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The Golden Bough A study of magic and religion

Page: 21

Among the taboos observed by savages none perhaps are more numerous or important than the prohibitions to eat certain foods, and of such prohibitions many are demonstrably derived from the law of similarity and are accordingly examples of negative magic. Just as the savage eats many animals or plants in order to acquire certain desirable qualities with which he believes them to be endowed, so he avoids eating many other animals and plants lest he should acquire certain undesirable qualities with which he believes them to be infected. In eating the former he practises positive magic; in abstaining from the latter he practises negative magic. Many examples of such positive magic will meet us later on; here I will give a few instances of such negative magic or taboo. For example, in Madagascar soldiers are forbidden to eat a number of foods lest on the principle of homoeopathic magic they should be tainted by certain dangerous or undesirable properties which are supposed to inhere in these particular viands. Thus they may not taste hedgehog, “as it is feared that this animal, from its propensity of coiling up into a ball when alarmed, will impart a timid shrinking disposition to those who partake of it.” Again, no soldier should eat an ox’s knee, lest like an ox he should become weak in the knees and unable to march. Further, the warrior should be careful to avoid partaking of a cock that has died fighting or anything that has been speared to death; and no male animal may on any account be killed in his house while he is away at the wars. For it seems obvious that if he were to eat a cock that had died fighting, he would himself be slain on the field of battle; if he were to partake of an animal that had been speared, he would be speared himself; if a male animal were killed in his house during his absence, he would himself be killed in like manner and perhaps at the same instant. Further, the Malagasy soldier must eschew kidneys, because in the Malagasy language the word for kidney is the same as that for “shot”; so shot he would certainly be if he ate a kidney.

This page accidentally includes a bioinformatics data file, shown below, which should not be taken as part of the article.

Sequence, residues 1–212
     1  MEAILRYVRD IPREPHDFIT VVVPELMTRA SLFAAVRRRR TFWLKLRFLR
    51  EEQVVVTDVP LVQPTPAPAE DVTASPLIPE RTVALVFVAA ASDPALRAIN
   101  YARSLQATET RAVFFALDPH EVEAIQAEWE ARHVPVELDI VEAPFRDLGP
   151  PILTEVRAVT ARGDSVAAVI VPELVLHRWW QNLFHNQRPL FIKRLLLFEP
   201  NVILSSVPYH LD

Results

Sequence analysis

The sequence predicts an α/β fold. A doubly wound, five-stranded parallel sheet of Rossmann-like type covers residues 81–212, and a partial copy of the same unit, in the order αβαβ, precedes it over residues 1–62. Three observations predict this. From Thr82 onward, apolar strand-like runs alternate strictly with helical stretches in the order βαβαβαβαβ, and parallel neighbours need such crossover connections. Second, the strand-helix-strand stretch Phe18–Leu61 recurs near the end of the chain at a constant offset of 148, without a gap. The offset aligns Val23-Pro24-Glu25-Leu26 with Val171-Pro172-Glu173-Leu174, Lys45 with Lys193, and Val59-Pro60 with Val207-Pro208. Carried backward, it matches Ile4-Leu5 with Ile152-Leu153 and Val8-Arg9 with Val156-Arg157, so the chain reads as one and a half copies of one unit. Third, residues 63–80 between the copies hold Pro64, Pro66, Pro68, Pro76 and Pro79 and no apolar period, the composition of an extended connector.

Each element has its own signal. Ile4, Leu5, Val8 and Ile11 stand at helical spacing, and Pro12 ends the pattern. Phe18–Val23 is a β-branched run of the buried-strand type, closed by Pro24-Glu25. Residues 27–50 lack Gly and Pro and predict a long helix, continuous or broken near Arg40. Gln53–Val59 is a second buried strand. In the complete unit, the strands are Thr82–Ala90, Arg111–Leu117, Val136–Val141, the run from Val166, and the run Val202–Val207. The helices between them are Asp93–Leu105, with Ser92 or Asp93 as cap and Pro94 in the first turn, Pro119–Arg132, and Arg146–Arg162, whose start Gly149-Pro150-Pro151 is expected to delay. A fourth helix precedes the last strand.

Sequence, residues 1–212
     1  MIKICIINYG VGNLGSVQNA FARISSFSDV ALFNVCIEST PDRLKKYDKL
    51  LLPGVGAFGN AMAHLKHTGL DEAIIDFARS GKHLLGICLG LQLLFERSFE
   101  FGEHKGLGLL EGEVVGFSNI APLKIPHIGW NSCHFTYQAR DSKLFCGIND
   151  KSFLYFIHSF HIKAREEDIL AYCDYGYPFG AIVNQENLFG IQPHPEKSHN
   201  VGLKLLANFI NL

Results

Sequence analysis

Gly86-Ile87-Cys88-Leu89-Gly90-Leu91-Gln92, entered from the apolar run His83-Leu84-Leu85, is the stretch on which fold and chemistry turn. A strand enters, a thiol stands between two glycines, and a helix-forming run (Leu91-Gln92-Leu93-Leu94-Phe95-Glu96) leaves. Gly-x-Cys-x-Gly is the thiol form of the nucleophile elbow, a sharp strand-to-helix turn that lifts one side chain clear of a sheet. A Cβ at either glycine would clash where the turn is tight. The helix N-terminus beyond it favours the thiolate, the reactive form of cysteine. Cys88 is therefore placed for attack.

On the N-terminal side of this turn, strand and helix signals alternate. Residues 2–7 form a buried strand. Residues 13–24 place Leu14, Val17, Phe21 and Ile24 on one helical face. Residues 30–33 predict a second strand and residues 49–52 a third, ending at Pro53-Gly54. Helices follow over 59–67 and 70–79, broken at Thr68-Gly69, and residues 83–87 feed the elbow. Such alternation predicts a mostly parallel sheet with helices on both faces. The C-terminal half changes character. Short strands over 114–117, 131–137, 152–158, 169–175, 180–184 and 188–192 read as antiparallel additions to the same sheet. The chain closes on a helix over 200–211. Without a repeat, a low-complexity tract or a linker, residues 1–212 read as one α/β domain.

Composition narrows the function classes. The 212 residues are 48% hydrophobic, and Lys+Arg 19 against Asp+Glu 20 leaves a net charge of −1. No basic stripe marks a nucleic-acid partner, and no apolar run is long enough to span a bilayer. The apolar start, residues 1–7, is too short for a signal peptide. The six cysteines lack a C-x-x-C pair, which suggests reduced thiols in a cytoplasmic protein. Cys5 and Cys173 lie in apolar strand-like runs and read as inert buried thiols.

The reader may have observed that in some of the foregoing examples of taboos the magical influence is supposed to operate at considerable distances; thus among the Blackfeet Indians the wives and children of an eagle hunter are forbidden to use an awl during his absence, lest the eagles should scratch the distant husband and father; and again no male animal may be killed in the house of a Malagasy soldier while he is away at the wars, lest the killing of the animal should entail the killing of the man. This belief in the sympathetic influence exerted on each other by persons or things at a distance is of the essence of magic. Whatever doubts science may entertain as to the possibility of action at a distance, magic has none; faith in telepathy is one of its first principles. A modern advocate of the influence of mind upon mind at a distance would have no difficulty in convincing a savage; the savage believed in it long ago, and what is more, he acted on his belief with a logical consistency such as his civilised brother in the faith has not yet, so far as I am aware, exhibited in his conduct. For the savage is convinced not only that magical ceremonies affect persons and things afar off, but that the simplest acts of daily life may do so too. Hence on important occasions the behaviour of friends and relations at a distance is often regulated by a more or less elaborate code of rules, the neglect of which by the one set of persons would, it is supposed, entail misfortune or even death on the absent ones. In particular when a party of men are out hunting or fighting, their kinsfolk at home are often expected to do certain things or to abstain from doing certain others, for the sake of ensuring the safety and success of the distant hunters or warriors. I will now give some instances of this magical telepathy both in its positive and in its negative aspect.


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